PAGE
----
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David Poland

By David Poland

Review: RIPD


I find it very difficult to put RIPD in the right place.

It’s not the worst film ever or of the year or of the summer. But it’s not good.

I think what it really feels like the 3rd or 4th movie is an open-ended franchise that was once fun & original, but has lost its steam. Acting was fine. Directing was fine. Visual effects failed with a lot of the human-like characters who looked like they just hopped out of a computer, but was often quite good in bringing landscapes and stunts to life.

It was almost never offensive (as in “WTF are they doing?”), which is more than I can say about a number of films this summer. But it never really got off the ground.

Perhaps the most obvious problem was the combination of casting and writing. Outside of the film itself, I have heard about a lot of changes over the history of the active development, near green-light for the film. So I don’t know whether, for instance, Ryan Reynolds (who I quite like) ever had an interesting character. As it came out, he’s playing The Girl – good-looking, demanding attention – who happens to be a guy. But does he seem to be uniquely athletic or angry or fearful or ANYTHING? No. Just boring as hell. And Bridges is good enough, but would have been much more interesting in an R-rated version of this, where he got to be raunchier and violent in a more off-putting way.

Kevin Bacon is pretty much by the book in this. And there really is no interesting identifiable villain. Mary Louise Parker is the one bright spot (aside from Stephanie Szostak’s beauty, which is as far as that character goes)… and even she had me thinking about who could have raised the bar on that character even higher.

Story and idea were okay… but what exactly was in play was a mystery for so long that when it finally becomes clear, we are past the point of worrying about it as an audience. Even the missing piece that is meant to be the turning point in the film feels like a throwaway when we see it. On some level, it was clever to make us believe something else was going on with that piece, but the secret is so well-protected that it means nothing to the audience.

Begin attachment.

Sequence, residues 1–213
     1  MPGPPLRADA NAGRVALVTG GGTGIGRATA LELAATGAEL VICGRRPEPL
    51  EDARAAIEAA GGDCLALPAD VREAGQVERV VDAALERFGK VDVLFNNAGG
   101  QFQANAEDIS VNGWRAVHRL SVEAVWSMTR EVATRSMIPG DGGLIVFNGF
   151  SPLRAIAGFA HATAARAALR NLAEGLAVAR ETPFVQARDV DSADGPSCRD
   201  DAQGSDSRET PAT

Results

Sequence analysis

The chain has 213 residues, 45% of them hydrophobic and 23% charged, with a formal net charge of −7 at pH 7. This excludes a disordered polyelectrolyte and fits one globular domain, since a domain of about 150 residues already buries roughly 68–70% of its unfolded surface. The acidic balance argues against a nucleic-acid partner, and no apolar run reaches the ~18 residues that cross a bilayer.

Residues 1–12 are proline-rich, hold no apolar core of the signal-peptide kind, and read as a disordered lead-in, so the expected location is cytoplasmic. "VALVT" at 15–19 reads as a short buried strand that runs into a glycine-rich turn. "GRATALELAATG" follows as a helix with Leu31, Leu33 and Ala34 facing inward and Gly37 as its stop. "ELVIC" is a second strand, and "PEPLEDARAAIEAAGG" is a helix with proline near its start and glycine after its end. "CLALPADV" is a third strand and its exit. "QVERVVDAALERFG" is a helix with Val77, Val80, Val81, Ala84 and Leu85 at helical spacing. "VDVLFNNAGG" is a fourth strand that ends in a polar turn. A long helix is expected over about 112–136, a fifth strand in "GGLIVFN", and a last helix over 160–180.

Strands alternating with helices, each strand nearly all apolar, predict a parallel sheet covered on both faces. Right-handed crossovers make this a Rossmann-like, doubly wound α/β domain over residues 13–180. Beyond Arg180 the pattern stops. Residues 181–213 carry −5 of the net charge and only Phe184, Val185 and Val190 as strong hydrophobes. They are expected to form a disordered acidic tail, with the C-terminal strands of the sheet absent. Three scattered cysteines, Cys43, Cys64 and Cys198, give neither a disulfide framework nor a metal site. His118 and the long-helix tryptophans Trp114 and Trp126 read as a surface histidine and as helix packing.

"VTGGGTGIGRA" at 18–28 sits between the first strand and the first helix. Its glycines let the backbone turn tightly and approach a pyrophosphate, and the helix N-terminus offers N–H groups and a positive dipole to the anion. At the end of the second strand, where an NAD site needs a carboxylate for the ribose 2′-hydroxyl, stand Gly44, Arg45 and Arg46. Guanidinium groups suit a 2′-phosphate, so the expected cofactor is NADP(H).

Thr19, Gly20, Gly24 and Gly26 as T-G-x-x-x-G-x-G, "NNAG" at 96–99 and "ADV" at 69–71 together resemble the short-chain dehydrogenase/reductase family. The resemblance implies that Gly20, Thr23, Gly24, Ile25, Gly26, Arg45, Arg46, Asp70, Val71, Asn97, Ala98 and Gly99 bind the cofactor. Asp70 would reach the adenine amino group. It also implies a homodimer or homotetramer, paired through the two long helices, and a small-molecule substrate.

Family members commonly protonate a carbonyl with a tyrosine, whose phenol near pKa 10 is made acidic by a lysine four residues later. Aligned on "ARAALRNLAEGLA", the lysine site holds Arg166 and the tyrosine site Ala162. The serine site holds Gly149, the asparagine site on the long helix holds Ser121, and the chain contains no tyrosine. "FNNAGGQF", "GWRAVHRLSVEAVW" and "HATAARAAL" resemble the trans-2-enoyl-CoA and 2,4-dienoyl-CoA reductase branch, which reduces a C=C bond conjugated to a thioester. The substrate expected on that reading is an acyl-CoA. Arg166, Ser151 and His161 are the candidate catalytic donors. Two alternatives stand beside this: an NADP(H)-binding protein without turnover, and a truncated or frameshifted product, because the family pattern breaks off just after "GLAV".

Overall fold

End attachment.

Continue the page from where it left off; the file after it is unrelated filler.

Early in the movie, we see this giant, fat character running away… and he looks like a piece of videogame CG. And the film never recovers from that moment of unsuspended disbelief. Of course, if there was great material behind that moment, it could have overcome. But there is never a moment of true excitement, fear or big laughter in the film.

Some have complained about sexism in the film… which after seeing the film is truly hypersensitive, to the point of stupidity. I wish it had been sexist. At least that would be something interesting to watch. Let’s see the model chick adjust her balls (she is the exterior of a guy). Let’s see the Asian guy in a Chinese restaurant. Where is the scene where Bridges seduces someone with his hot chick exterior? Give me SOMETHING!

And of course, this is one of those movies that thinks it’s working. So it does a number of joke recalls that would work if we really loved the moments being recalled. But we don’t. So they seem smug in an unfortunate way… like cutting a sitcom for laugh breaks that don’t come.

It’s not vanilla… because vanilla can be great. It was more like a movie made of tofu, sitting there, waiting to suck up flavor from something else in the pot. But nothing that was put in the pot had enough flavor to add much of anything.

So… not nearly bad enough to be fun as a bad movie. But not nearly good enough to be worth paying to see.

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13 Responses to “Review: RIPD”